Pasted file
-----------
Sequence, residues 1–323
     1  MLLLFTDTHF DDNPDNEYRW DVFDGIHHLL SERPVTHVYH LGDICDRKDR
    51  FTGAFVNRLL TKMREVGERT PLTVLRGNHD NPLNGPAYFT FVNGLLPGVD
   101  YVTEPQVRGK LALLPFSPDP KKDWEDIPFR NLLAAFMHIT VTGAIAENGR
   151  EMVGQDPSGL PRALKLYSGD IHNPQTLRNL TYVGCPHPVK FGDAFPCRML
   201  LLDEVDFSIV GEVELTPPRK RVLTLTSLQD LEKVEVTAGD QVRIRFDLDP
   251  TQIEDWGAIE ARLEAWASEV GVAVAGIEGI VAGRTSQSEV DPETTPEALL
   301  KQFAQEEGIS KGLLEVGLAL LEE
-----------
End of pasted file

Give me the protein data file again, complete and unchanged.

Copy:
Sequence, residues 1–323
     1  MLLLFTDTHF DDNPDNEYRW DVFDGIHHLL SERPVTHVYH LGDICDRKDR
    51  FTGAFVNRLL TKMREVGERT PLTVLRGNHD NPLNGPAYFT FVNGLLPGVD
   101  YVTEPQVRGK LALLPFSPDP KKDWEDIPFR NLLAAFMHIT VTGAIAENGR
   151  EMVGQDPSGL PRALKLYSGD IHNPQTLRNL TYVGCPHPVK FGDAFPCRML
   201  LLDEVDFSIV GEVELTPPRK RVLTLTSLQD LEKVEVTAGD QVRIRFDLDP
   251  TQIEDWGAIE ARLEAWASEV GVAVAGIEGI VAGRTSQSEV DPETTPEALL
   301  KQFAQEEGIS KGLLEVGLAL LEE